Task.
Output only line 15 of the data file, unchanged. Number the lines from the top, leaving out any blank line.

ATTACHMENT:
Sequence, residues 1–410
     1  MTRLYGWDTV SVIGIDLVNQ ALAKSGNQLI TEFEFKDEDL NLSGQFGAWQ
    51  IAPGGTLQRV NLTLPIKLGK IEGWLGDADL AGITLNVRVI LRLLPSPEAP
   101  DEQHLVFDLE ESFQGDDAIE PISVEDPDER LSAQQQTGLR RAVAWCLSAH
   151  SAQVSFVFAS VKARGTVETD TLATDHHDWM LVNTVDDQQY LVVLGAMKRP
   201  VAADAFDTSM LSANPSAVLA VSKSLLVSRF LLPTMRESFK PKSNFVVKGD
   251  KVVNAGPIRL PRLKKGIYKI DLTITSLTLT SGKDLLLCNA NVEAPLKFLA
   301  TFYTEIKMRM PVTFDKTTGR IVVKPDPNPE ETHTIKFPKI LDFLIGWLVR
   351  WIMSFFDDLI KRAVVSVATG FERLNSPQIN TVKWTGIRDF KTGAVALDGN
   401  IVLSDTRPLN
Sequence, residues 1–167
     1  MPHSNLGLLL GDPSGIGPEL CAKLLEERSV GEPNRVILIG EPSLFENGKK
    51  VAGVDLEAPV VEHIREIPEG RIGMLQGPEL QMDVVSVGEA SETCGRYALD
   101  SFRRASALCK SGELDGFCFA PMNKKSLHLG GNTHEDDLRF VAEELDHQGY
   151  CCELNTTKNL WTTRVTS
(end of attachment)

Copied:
   151  CCELNTTKNL WTTRVTS